There are three different types of ultralight bug shelters suitable for cowboy camping, sleeping in a lean-to, or underneath a flat tarp: bivy sacks, bug bivies, and net tents. They all have their pros and cons, but that’s true of all ultralight backpacking gear. While bivy sacks are confining, they provide excellent insect protection. Bug bivies usually offer more living space, but are generally harder to get in and out of and must be used with a tarp or trekking poles. Net tents offer the most living space, but also tend to be the heaviest option. For a deeper discussion of these considerations and tradeoff, see our Ultralight Bug Shelter Selection Guide below.
With these factors in mind, here are our top 10 recommended bug shelters for ultralight backpacking:
|Make / Model
|Katabatic Gear Pinon Bivy
|7.3 oz / 207g
|Borah Ultralight Bivy
|5.0 oz / 142 g
|Mountain Laurel Designs Superlight Bivy
|5.5 oz / 156 g
|Paria Outdoor Breeze Bivy
|13 oz / 369g
|Hyperlite Mountain Gear Ultamid 2 Insert
|14.8 oz / 419g
|Mountain Laurel Designs Bug Bivy
|6.5 oz / 184g
|Six Moon Designs Serenity Net Tent
|11 oz / 312g
|Outdoor Research Bug Bivy
|16 oz / 454g
|SlingFin SplitWing Mesh Body
|11.2 oz / 318g
|Yama Mountain Gear 1P Bug Shelter
|9.3 oz / 272g
1. Katabatic Gear Pinon Bivy
2. Borah Gear Ultralight Bivy
3. Mountain Laurel Designs Superlight Bivy Sack
4. Paria Outdoor Breeze Mesh Bivy
5. Hyperlite Mountain Gear Ultamid Half 2 Insert
6. Mountain Laurel Designs Bug Bivy
7. Six Moon Designs Serenity Net Tent
Check for the latest price at:
Six Moon Designs
8. Outdoor Research Bug Bivy
9. SlingFin SplitWing Mesh Body
10. Yama Mountain Gear 1P Bug Shelter
Ultralight Bug Shelter Selection Guide
Bug Shelter Types: Pros, and Cons
Ultralight bug shelters can be bivy sacks (intended for warm weather use), bug bivies, or net tents. You can also repurpose the inner tent of a double-wall tent although it will be much heavier and awkward to use in more constrained spaces.
Ultralight bivy sacks do not have waterproof tops because they intended to be used in dry conditions under a separate waterproof shelter in non-winter conditions. Most have mesh hoods for insect protection and comfort with a solid, highly breathable fabric, covering the torso and legs. A waterproof floor is often included as convenience along with a zipper or drawstring closure. Grosgrain loops are usually included to suspend the mesh overhead with cord and to stake out the bivy sack corners. Bivy sacks made entirely with mesh tops can be problematic because insects can bite through the mesh if you are sleeping on top of your quilt or sleeping bag in hot weather instead of inside or under them.
- Provide wind and splashback protection under tarps. (Splashback is when water bounces off the ground near a tarp and back at you.)
- Good for insect and dew protection when cowboy camping under the stars.
- Easy to use in a lean-to because they can be suspended from rafters and take no additional room.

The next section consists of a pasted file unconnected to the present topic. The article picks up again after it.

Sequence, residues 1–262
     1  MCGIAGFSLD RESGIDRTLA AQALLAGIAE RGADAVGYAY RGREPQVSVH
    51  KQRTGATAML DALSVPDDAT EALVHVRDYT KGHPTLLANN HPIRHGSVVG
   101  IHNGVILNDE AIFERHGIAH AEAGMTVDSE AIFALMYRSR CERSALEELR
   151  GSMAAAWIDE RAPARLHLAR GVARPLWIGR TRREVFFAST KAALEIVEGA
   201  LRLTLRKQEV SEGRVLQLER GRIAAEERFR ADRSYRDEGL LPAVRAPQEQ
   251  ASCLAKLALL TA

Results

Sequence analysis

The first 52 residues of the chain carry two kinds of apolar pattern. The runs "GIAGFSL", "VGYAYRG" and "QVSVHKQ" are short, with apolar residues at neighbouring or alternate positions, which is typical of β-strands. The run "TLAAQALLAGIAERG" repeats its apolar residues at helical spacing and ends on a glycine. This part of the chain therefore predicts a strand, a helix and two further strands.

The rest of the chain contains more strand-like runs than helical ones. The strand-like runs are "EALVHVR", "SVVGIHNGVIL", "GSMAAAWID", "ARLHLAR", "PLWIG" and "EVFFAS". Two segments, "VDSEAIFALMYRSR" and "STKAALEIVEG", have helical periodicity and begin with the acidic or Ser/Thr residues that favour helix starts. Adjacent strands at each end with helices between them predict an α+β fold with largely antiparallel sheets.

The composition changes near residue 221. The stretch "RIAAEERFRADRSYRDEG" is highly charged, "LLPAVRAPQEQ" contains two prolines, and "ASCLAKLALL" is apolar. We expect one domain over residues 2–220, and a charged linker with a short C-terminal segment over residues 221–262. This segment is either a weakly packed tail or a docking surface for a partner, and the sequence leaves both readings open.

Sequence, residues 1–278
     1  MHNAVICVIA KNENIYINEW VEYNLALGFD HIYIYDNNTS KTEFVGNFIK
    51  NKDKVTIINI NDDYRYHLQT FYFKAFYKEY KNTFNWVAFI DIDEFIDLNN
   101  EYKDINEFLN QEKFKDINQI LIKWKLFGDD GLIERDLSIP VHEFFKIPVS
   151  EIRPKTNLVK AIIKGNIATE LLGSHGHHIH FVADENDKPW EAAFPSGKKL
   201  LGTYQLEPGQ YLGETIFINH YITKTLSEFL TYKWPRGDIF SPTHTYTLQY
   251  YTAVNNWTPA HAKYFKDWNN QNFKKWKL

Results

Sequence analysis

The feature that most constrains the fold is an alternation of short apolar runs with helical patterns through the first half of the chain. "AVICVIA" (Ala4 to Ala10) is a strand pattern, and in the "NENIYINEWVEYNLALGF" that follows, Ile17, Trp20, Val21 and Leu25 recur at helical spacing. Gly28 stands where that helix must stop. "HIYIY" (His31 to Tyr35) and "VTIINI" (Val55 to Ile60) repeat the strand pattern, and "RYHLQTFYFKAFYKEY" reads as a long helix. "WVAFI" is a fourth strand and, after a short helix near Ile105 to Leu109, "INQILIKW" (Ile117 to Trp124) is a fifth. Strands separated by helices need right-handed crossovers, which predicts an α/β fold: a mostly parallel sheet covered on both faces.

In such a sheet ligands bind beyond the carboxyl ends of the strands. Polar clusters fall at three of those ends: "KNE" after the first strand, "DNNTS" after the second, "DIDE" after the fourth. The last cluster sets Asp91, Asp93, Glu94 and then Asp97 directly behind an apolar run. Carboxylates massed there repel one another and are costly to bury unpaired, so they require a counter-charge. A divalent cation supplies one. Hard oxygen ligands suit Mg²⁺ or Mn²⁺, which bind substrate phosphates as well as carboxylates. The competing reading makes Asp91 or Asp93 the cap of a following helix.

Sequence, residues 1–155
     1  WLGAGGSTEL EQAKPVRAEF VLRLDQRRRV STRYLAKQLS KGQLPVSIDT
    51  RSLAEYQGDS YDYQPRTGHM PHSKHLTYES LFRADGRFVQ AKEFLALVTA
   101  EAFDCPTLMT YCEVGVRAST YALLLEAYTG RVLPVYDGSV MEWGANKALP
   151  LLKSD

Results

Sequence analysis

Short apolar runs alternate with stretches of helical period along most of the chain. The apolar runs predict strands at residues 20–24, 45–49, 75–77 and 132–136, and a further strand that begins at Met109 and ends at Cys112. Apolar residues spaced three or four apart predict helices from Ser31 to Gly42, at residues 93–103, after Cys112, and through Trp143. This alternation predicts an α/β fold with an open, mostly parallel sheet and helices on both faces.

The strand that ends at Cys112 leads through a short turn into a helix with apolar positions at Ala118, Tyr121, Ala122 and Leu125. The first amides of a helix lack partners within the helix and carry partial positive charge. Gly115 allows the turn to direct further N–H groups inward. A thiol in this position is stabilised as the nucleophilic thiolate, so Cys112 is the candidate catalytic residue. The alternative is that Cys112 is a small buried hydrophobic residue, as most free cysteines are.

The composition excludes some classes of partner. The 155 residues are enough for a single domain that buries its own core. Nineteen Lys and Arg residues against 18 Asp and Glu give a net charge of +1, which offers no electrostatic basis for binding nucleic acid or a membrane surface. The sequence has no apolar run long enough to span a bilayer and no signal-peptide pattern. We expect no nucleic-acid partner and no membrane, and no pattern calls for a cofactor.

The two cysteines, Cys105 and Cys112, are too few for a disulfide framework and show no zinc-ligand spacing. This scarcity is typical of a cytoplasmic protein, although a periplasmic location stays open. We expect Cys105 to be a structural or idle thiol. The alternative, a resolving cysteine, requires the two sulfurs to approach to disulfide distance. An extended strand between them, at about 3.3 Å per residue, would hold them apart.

- Provide inflatable sleeping bag protection when a pad is used inside bivy sack.
- They can be used like a sheet for insect protection in hot weather.
- More claustrophobic than alternatives
- Low to the ground so less waterproof against pooling water
Bug bivies (not to be confused by all mesh bivy sacks that some manufacturers call bug bivies) are similar to bivy sacks but have sidewalls and must be suspended overhead using trekking poles or an overhead shelter. They’re usually offered with a waterproof floor. Many come with top zippers on the ridgeline which can be a little difficult to get in and out of depending on your stand and ability to balance while stepping out of them.
- More living space
- Must be suspended at the ends using trekking poles or covering tarp
- Higher sidewalls provide better insect and water protection.
- Top door access can be awkward.
- Heavier than a bivy sack.
- More difficult to use in a crowded lean-to.
Net tents are the equivalent of an inner tent from a double-wall tent but are usually designed to be set up using trekking poles and staked out at the corners. instead. Net tents have waterproof floors and a zippered entrance. If you are planning to combine a net tent with a tarp, it’s important to make sure that the door locations align properly for ease of access.
- Lots of headroom so you can sit up inside and change clothing.
- Heavier than bivy sacks or bug bivies.
- More difficult to use in a crowded lean-to, especially if they have a side door.
On bivy shelters with zippers, it’s often more convenient to have a side zipper or one at the head end than a zipper that runs lengthwise down the center. If you’re sleeping under a tarp, there’s going to be limited headroom underneath it, particularly in inclement weather when it’s pitched low to the ground for more wind and rain protection. Bivy sacks with side zippers and big bivies with end doors are easier to get out of compared to bivy sacks with center zippers or bug bivies with top zippers in the ridgeline.
Bathtub Floor and Sidewall Depth
If you have to sleep on top of your sleep insulation on hot nights, insects can still bite you through the mesh if you come in contact with it. If you sleep on a 2″, 3″, or 4″ high inflatable pad, you might consider choosing a shelter with higher sidewalls made with solid insect-proof fabric instead of mesh,
When choosing a bivy sack, try to get one with a highly breathable top fabric to help reduce the chance of internal condensation inside the bivy back. Avoid buying a bivy sack with a waterproof/breathable top fabric for warm weather use because they’re much more prone to internal condensation.SectionHiker is reader-supported. We only make money if you purchase a product through our affiliate links. Help us continue to test and write unsponsored and independent gear reviews, beginner FAQs, and free hiking guides.
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